Biogen has certainly faced an uphill battle trying to convince physicians to prescribe the drugmaker’s highly scrutinized Alzheimer’s disease drug Aduhelm. It doesn't make it any easier if clinics won’t even let the company's sales reps through the front door.
But that’s the case at the Neurology Center in Washington, D.C., which has gone so far as to ban Biogen employees from entering their seven office locations in response to the controversy shrouding the company’s new med.
“Biogen representatives should not enter or engage staff, physicians or patients,” according to an image of one of the clinic’s signs posted to Twitter, which Fierce Pharma has confirmed with the center.
The warning is just the latest example of the frosty reception Aduhelm has received since scoring an FDA nod in June. That accelerated approval, as well as Biogen’s immediate decision to price the treatment on the high end of Wall Street’s expectations, has sparked fiery criticism and even a few federal investigations.
Part of those inquiries are related to the company's reportedly cozy relationship with regulators ahead of Aduhelm’s approval. The FDA signed off on the treatment despite its divergent late-stage trial results and an overwhelming down vote from the agency’s own advisory committee. Three of those members later resigned in protest.
Given Aduhelm’s hefty price tag—an average of $56,000 annually per patient—and its murky clinical benefits, the Neurology Center’s physicians have agreed to avoid administering the drug until its controversies are clarified, according to a note on its website.
“We weren’t going to have that at all. We weren’t going to engage it,” a center spokesperson told Fierce Pharma when asked about the clinic's sign.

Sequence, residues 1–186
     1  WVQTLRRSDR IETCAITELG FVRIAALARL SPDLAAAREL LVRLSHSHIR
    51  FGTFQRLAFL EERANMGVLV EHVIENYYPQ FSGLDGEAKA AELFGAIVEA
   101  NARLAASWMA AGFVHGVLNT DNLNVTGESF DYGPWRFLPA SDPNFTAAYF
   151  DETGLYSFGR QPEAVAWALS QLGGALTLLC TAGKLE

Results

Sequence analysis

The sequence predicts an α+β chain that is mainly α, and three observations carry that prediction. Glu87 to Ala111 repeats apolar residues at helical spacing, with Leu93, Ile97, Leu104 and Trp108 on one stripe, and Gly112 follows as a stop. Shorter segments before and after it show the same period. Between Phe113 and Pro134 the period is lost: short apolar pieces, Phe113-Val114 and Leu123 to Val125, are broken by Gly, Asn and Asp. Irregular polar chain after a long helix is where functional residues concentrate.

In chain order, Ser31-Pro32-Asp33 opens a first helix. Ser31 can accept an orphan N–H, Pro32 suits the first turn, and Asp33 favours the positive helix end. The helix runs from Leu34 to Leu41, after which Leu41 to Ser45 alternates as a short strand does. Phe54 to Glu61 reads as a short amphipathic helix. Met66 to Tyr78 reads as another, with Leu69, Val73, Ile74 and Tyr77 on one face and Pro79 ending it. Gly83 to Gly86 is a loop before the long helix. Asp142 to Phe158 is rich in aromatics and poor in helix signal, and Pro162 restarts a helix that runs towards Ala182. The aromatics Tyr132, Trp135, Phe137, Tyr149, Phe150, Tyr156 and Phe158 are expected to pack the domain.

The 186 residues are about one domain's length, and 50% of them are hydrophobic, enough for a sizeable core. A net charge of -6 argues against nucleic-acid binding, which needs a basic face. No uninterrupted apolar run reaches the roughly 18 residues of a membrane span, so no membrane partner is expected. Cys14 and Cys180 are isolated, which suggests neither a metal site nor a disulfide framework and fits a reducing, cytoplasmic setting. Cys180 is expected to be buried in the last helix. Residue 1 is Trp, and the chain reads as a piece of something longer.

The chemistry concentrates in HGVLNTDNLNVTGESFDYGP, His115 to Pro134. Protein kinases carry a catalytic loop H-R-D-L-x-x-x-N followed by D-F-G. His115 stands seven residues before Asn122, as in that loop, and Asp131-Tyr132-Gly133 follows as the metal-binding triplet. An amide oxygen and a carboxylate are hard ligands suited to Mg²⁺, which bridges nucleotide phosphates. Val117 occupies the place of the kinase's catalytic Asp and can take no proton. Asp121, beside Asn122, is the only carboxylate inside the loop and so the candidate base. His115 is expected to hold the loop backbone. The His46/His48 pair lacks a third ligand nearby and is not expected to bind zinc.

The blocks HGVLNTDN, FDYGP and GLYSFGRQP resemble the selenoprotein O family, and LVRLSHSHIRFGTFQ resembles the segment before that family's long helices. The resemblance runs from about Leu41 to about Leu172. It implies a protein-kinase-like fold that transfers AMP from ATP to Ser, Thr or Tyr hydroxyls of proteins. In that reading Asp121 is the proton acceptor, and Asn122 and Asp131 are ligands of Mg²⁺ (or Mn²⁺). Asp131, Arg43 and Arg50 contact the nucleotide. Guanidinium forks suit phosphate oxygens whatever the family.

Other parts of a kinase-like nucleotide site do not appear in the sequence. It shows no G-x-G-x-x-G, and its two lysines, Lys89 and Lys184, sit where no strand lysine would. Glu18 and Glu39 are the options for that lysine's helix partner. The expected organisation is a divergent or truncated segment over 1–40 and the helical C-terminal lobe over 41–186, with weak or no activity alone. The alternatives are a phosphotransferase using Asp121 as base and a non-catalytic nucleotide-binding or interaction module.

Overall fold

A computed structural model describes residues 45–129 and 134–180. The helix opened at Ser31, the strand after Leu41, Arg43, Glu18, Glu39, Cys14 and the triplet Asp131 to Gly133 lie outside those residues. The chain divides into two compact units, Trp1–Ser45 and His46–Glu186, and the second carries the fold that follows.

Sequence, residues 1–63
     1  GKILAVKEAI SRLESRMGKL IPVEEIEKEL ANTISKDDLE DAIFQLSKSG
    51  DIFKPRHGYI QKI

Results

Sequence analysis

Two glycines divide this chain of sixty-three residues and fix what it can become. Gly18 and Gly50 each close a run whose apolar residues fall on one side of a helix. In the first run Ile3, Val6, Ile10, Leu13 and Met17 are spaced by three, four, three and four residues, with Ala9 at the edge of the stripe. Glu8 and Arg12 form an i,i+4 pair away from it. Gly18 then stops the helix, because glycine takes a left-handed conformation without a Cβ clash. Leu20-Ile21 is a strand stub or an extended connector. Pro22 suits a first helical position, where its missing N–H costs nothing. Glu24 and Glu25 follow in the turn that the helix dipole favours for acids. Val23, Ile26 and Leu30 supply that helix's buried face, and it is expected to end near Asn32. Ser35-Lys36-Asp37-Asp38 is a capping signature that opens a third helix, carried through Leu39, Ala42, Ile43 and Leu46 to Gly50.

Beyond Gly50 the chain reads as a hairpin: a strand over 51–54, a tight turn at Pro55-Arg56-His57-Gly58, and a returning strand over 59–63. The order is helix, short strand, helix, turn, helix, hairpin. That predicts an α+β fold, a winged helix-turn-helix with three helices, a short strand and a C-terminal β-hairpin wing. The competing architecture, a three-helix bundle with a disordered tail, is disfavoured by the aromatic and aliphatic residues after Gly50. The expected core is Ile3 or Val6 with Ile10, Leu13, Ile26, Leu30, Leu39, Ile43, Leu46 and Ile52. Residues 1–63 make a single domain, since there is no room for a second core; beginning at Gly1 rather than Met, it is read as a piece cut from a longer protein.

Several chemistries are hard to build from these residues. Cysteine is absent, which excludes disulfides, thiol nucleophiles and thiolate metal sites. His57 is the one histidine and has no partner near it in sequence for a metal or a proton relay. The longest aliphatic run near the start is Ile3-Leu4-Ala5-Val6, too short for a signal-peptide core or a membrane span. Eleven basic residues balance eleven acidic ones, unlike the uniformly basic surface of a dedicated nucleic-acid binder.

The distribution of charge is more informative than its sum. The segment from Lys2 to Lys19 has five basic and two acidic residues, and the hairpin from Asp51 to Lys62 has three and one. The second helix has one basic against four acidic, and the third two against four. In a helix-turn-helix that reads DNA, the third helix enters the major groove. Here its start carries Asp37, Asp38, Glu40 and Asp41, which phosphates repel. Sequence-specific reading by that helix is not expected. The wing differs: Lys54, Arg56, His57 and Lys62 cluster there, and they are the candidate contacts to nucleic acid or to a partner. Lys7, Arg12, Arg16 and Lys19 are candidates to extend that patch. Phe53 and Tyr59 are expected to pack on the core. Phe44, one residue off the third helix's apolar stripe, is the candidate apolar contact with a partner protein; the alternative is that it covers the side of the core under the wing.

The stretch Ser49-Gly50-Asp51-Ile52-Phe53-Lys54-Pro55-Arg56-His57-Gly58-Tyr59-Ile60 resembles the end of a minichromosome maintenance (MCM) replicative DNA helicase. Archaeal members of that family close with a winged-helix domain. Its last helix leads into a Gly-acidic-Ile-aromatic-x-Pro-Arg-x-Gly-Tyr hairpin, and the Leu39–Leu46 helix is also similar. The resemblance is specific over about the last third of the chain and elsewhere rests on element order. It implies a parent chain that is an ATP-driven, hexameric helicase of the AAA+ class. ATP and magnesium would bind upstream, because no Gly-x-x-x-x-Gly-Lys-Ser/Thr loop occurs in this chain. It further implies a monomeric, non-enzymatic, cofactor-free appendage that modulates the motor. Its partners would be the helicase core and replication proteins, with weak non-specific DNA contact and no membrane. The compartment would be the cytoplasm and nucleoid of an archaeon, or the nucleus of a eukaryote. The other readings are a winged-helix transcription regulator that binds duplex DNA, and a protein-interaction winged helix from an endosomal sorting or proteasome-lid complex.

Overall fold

For its part, Biogen has itself acknowledged Aduhelm’s rollout has been even more gradual than the Cambridge, Massachusetts-based company would've liked.
At a Morgan Stanley healthcare event earlier this month, CEO Michel Vounatsos said there's "clearly too much confusion, misinformation and controversy surrounding our data and the approval process."
When asked about the center’s sign, a Biogen spokesperson told Fierce Pharma the company encourages any patient denied care to contact the company for help, adding that it remains “committed to supporting access to Aduhelm for all appropriate patients.”
Although just one example, the Neurology Center’s stance could reflect a bigger problem for Biogen, which has more neurology meds than just Aduhelm, Mizuho analyst Salim Syed wrote in a note to clients on Wednesday. Syed pointed out that it was the first time he saw a clinic categorically blocking the company from entering.
Aduhelm still "remains commercially volatile at best,” Syed wrote. And even after the company’s investor R&D day, where it spent four hours and 133 slides laying out its pipeline, the drugmaker did not present a "clear case for growth" outside of its key Alzheimer's drug, according to the note.